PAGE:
“I don’t want to go to school today,” my six-year-old muttered into her pillow as I opened her blinds and started rifling through her closet for clothes.
“How come?” I asked, throwing a pair of jeans onto her bed. She usually woke up bright and happy, so I assumed something must be upsetting her: A bully, a school project, maybe a sore throat.
“I just want to be with you,” she replied.
My instinct was to pull the blanket back and say, “Yeah, well, I don’t want to work today, but I have to, just like you have to go to school.” But instead I surprised both of us. I told her she could stay home.
In fact, I’ve let my kids, including my preschooler, skip school several times since then, and will continue letting them do this as they get older. Admittedly, my work-from-home job affords me the flexibility to keep them home on a whim. But more importantly, I’ve come to realize something: Kids need mental health days, too.
A few years ago, I would have scoffed at this. What does a six-year-old have to worry about? Her responsibilities are virtually nil, schoolwork consists of practicing her printing, and her day is structured around play. But to suggest she doesn’t have stress, simply because my stresses are bigger (bills, taxes, career) is shortsighted. Dismissing her worries and fatigue won’t help her learn how to manage stress and avoid burn out as she grows. I’d rather teach her about self-care now, while she’s young. And yes, even little kids need self-care.
That first morning I let her stay home, I sat with her at breakfast and asked what she wanted to do. Her response was sweet, and a bit poignant: “Polly always gets to go with you to the grocery store on Fridays and I never get to. I want to get groceries with you.”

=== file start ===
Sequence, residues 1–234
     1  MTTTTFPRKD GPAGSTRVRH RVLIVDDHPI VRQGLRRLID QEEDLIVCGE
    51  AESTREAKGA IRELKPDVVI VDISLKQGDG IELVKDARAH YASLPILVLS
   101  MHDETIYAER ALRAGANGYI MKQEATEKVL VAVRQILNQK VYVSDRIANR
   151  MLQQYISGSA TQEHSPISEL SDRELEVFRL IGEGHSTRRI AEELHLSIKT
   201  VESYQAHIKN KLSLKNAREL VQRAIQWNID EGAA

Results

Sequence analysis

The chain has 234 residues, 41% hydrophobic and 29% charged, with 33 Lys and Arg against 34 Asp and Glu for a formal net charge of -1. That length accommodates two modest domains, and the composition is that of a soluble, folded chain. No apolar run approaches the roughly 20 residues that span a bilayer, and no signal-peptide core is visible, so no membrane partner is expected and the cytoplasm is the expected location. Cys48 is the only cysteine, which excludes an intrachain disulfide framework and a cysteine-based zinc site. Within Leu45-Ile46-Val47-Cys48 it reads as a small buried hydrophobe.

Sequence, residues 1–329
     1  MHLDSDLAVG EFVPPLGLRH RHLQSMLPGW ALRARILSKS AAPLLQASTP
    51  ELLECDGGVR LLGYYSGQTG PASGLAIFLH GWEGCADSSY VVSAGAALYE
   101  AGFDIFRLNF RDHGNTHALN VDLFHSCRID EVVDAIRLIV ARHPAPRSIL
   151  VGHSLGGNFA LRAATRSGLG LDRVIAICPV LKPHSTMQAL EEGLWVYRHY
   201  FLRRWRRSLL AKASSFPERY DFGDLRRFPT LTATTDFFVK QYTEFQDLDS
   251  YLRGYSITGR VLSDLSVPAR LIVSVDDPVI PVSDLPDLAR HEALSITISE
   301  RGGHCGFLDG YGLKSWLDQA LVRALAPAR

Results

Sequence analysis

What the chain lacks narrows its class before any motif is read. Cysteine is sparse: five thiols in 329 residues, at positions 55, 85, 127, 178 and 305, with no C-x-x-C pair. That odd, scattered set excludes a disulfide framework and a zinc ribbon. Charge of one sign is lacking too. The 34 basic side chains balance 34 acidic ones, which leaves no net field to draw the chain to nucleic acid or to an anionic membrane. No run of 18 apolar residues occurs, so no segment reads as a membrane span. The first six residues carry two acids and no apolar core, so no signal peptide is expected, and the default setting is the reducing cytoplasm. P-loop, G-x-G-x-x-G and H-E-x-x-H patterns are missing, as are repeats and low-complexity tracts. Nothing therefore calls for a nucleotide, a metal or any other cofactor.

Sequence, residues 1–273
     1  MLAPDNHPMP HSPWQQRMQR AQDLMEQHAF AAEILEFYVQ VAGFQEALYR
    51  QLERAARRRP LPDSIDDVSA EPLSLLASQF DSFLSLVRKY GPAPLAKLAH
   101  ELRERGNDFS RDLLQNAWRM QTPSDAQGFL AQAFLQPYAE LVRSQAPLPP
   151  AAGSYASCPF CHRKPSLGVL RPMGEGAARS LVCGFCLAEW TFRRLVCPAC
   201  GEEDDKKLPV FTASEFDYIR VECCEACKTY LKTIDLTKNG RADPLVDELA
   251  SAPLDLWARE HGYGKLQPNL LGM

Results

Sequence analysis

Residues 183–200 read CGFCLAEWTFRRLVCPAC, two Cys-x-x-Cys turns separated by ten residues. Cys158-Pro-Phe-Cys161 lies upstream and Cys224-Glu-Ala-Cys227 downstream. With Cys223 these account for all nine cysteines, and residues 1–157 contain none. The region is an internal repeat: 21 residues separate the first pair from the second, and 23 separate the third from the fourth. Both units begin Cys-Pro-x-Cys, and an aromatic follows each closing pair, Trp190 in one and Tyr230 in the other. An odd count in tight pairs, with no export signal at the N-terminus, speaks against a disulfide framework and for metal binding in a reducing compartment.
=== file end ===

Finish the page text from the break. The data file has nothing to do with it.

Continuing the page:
5 strategies for talking to your child about their mental healthShe didn’t want to get banana splits and binge watch Fuller House. She didn’t want to go the mall and raid Claire’s. She wanted to run errands. With me. So that’s what we did. We got groceries, we went for hot chocolate, we read stories on the couch, and I let her watch my iPad in bed (a special treat in our house) while I worked.
Since then, I’ve learned to see how even a day full of play can be feel overly structured and exhausting for a little kid. You have to sit still in music class, be quiet during attendance, remain composed during recess spats, use your listening ears at Brownies, and finish your dinner or get in trouble. She may not have to pay a mortgage, but she does feel the burden of responsibility. Sometimes, she just needs a break from that life to hit the reset button.
Mental health is a conversation we’ve been having a lot in recent years, fueled in part by Bell’s Let’s Talk campaign to destigmatize mental health issues, and the countless celebrities, like Olympian Clara Hughes, who have joined the movement to share their story. In fact, one in five Canadians will experience a mental health problem every year, according to the Canadian Mental Health Association. And these rates apply to children, too.
I want to start having these conversations with my kids while they are still young, so that mental illness—or even just admitting that you are feeling down—isn’t a taboo subject in our family. I want them to know that I can see past my own daily stresses, and recognize theirs, too.
I remember when my own parents began giving me the tools to recognize burn-out and anxiety, and the freedom to stay home from school. The caveat was that I did well in school, and days at home weren’t about skipping presentations or tests. They were about sitting at home in a quiet, empty house and hitting the pause button. They were about accepting that we sometimes get overwhelmed, and it’s okay to take a break.
I want to push my kids to be their best, and teach them that they need to persevere through struggle and hardship. But I also want them to recognize exhaustion and anxiety. As well as the simple fact that life is short, so why not skip a day and go to the park, eat ice cream in the grass, and watch TV in PJs with your mama?
When I let my daughters stay home from school, I’m giving them permission to take a deep breath and exhale, regardless of why they need the break. Before I know it, they’ll be moved out, paying their own mortgages, building their own careers, and caring for their own babies. And I hope that, when it all starts to feel like too much, they’ll know it’s okay to take the day off and re-group. Or, better yet, give me a call, so we can do it together.